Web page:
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Feminism’s Aimlessly Spinning Moral Compass

By Mark Charalambous

April 6, 2006
While mulling over the absurdity of a mostly white, half female, and certainly liberal, Academy Awards audience celebrating the winning song, “It’s hard out here for a pimp,” I was led to reflect on two other recent manifestations of post-feminist moral confusion.

The reaction to the dismissal of charges against the beautiful middle school teacher who shared her sexual appetite with a 14-year-old student came immediately to mind. Apparently, many media talking heads and various legal experts are outraged that there might be a double standard at work. Perhaps the most amusing reaction comes from men’s and father’s rights advocates who, livid from the conspiracy of silence that smothers the perversions of justice that occur daily in family courts across the nation, were screaming for LeFave’s head over the blogosphere.

Various and sundry experts claim that the boy has been so traumatized by the “sexual assaults” that he refused to testify.  Hello?  Debra LaFave is what we used to refer to as a “bombshell.” Knowing none of the students involved, I can guarantee that most, if not all of the boys over twelve in that school spent hours sexually fantasizing about her. Until the therapists and grief counselors got a hold of him, far from being a victim, that boy lived a fantasy schoolboys (and men) can only dream of.

Yes, LaFave committed a crime and abused her position of trust and authority, and yes, she should suffer consequences. But I find it nothing short of amazing that people can watch with a straight face as these psychological experts discuss Debra LaFave’s mental state to explain what is to them, apparently, inexplicable behavior. Do they also require a mental illness to explain the boy’s behavior? 

Psychologists and psychiatrists, the new brahmins of our age, toil tirelessly to discover new mental disorders on their way to turning us into a nation of emotional and psychological cripples. Having normalized homosexuality, they tried a few years ago to do the same for pedophilia. Talk about moral confusion!

Whether or not LaFave suffers from “bipolar disorder”­—the psychological malady du jour for women behaving badly—she does indeed suffer from a feminist culture which bombards women with the message that they bear no responsibility for any consequences of their sexual behavior. Commenting on television about the Kobe Bryant rape trial, self-styled women’s victim attorney Wendy Murphy said that she didn’t care if the ‘rape victim’ was naked doing cartwheels when she came to his hotel door.   Later, during the Michael Jackson trial, she contributed this gem in defense of the mother of the boy allegedly assaulted by Jackson, “I don’t care if she laid him (her son) out naked for him on his bed…”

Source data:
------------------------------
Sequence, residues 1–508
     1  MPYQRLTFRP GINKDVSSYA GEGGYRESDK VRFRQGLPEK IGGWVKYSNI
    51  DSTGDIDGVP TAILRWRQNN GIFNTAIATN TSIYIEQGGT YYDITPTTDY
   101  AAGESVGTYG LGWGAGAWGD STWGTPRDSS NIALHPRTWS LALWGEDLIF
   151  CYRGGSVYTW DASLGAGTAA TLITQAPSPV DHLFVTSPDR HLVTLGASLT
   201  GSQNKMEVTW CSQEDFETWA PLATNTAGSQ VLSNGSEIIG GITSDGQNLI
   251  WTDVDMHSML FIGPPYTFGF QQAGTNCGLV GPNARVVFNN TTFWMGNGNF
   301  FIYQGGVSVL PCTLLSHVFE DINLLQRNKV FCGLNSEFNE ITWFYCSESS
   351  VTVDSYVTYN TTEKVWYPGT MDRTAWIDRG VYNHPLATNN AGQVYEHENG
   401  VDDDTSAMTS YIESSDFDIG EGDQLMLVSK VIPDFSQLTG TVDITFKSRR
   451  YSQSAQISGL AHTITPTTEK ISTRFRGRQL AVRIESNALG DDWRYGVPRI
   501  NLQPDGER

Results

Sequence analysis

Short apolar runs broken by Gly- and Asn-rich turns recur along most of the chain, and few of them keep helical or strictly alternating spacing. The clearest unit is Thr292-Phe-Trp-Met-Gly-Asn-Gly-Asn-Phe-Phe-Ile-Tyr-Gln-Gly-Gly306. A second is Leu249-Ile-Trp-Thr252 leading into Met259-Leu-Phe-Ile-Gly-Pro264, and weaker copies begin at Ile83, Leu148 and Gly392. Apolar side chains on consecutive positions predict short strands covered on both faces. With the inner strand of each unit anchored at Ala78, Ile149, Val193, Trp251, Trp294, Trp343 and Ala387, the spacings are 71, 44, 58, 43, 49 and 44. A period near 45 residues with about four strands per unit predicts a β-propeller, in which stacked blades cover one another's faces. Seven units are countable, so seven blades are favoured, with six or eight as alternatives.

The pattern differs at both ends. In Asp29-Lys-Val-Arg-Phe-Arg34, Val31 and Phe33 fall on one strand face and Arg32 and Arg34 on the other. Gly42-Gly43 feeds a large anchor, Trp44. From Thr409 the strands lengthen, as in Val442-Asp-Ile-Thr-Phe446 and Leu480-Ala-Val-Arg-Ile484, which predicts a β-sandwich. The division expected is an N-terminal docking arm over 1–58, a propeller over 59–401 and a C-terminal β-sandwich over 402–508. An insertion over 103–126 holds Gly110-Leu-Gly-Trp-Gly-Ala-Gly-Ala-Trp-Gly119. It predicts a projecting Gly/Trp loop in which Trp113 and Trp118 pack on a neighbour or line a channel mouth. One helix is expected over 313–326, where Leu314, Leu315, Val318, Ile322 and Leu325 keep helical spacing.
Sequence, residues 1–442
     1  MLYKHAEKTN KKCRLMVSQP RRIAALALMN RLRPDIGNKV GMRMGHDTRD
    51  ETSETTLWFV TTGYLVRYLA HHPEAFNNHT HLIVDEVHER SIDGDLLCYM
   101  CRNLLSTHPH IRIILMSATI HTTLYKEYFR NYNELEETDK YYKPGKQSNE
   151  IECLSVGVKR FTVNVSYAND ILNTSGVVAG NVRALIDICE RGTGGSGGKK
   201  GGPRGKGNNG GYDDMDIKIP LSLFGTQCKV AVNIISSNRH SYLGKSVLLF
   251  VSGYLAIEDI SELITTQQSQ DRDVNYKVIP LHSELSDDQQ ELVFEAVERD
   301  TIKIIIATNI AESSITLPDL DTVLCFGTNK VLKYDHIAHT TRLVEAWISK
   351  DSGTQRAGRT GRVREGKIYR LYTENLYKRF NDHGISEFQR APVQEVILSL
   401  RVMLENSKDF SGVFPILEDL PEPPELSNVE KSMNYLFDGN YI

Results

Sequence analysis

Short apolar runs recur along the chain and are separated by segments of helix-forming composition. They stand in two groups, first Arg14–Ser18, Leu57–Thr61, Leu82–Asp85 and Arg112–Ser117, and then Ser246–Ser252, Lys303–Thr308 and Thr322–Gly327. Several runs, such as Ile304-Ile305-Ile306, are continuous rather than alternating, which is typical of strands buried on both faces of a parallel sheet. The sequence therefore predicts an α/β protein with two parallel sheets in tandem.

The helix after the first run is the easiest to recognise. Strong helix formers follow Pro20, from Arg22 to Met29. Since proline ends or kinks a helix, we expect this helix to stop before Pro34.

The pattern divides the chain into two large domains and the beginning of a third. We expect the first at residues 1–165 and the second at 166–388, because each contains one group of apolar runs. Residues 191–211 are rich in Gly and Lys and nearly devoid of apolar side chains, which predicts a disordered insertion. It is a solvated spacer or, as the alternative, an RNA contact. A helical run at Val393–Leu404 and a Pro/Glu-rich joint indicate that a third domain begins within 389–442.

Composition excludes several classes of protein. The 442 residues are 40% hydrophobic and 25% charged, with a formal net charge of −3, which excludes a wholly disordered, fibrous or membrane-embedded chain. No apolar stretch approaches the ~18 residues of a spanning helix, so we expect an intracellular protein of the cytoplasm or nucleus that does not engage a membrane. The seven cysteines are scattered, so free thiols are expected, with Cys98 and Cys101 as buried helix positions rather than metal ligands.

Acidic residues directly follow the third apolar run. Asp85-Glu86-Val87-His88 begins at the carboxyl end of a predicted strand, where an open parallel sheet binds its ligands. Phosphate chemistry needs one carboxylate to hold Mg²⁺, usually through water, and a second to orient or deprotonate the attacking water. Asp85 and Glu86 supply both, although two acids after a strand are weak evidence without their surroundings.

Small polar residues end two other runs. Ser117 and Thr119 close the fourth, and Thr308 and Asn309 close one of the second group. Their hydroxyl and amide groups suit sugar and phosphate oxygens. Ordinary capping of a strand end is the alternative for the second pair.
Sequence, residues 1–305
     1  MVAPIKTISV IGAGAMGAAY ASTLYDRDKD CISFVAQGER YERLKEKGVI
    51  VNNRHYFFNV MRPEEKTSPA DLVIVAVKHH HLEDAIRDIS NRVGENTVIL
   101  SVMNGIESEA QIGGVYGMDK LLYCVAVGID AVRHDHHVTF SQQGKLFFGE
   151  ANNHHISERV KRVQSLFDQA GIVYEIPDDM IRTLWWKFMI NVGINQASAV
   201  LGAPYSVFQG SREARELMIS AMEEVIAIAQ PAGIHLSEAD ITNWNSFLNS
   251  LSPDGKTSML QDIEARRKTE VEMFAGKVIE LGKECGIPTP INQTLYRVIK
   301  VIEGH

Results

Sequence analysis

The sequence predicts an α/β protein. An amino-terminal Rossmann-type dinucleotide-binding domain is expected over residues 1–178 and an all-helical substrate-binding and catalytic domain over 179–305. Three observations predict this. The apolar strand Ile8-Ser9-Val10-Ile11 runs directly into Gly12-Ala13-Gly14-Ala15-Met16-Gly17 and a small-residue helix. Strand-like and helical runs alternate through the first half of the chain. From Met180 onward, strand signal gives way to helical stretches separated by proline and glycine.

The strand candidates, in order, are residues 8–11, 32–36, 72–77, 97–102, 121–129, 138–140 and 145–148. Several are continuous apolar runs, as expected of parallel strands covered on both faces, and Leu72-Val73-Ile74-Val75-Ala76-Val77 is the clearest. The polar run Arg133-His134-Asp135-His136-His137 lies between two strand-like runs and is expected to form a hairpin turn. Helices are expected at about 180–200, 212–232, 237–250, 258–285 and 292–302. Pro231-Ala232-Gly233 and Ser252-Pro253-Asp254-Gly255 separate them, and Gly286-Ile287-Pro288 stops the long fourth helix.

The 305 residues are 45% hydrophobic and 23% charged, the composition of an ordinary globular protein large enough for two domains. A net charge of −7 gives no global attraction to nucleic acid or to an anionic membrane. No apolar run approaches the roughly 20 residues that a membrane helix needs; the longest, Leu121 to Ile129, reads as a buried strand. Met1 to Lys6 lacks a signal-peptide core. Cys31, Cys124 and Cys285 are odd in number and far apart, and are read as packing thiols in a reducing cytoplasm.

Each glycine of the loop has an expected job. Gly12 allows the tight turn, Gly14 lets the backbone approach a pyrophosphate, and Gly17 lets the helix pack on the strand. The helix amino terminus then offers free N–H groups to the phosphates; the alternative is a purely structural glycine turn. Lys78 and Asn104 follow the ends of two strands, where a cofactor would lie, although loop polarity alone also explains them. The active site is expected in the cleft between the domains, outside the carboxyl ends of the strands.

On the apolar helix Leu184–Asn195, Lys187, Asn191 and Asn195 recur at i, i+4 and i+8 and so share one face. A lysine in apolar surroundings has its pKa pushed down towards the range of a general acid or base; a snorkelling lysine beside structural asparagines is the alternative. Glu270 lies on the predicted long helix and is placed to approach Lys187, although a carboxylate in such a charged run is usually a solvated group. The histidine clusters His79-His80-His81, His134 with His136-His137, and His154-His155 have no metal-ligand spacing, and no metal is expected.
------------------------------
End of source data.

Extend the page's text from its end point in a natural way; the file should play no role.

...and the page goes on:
With this kind of encouragement, why are we now surprised by the sudden proliferation of women committing sex crimes?

Perhaps this outcry of indignation over LaFave escaping punishment is really some kind of bizarre attempt by our collective unconscious to deal with the guilt of ignoring the widespread destructive double standards employed in child custody and domestic “abuse”/violence law, otherwise known as “feminist jurisprudence.”

The reaction to the Roe v. Wade for Men case provides an even more pointed example. A young Michigan father is suing to stop a child support order for a child he not only didn’t want, but was assured by the mother would not be conceived. Matt Dubay’s suit claims that a woman’s reproductive rights of “choice” are fundamentally unfair to men, who are left shouldering all the responsibilities for a woman’s choices.

Of course, he’s absolutely right in that regard. The only surprise here is that it’s taken over 30 years for it to come to someone’s attention that men have a stake in the abortion debate. Two people have consensual sex. If a pregnancy results, the woman has the choice to abort. She apparently also has the choice to lie to the man and intentionally get pregnant and then have the state compel him to pay a third of his present and future income to her (for up to 23 years in Massachusetts!). A typical child support order over time can easily amount to the largest financial outlay in a man’s entire life. In fact, if LaFave became pregnant by her 14-year-old student, regardless of the outcome of a statutory rape charge, a typical family court judge would slap a child support order on the boy. (Believe it. This and even worse horror stories abound.)

The degree to which men have been defined out of their parental role is one of feminism’s greatest triumphs, evidenced by an iconic moment during the Senate confirmation hearing of Supreme Court judge Samuel Alito. Senator Dianne Feinstein waxed indignant and incredulous as she grilled Alito on his dissenting opinion in Planned Parenthood v. Casey. How could any sane person, she implied—let alone someone being considered for a seat on the nation’s highest court—actually believe that a wife has an obligation to tell her husband that she’s pregnant? But rather than defending the moral, ethical, commonsense, and fundamentally correct position that he took on Casey, Alito’s body language betrayed the only allowable answer in post-feminist America: an apology—albeit masked in complicated legalese.

Feminists have got one thing right: Men just don’t get it.

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Mark Charalambous, a Leominster, MA resident, is the Spokesman for CPF/The Fatherhood Coalition, and an adjunct faculty in the state college system.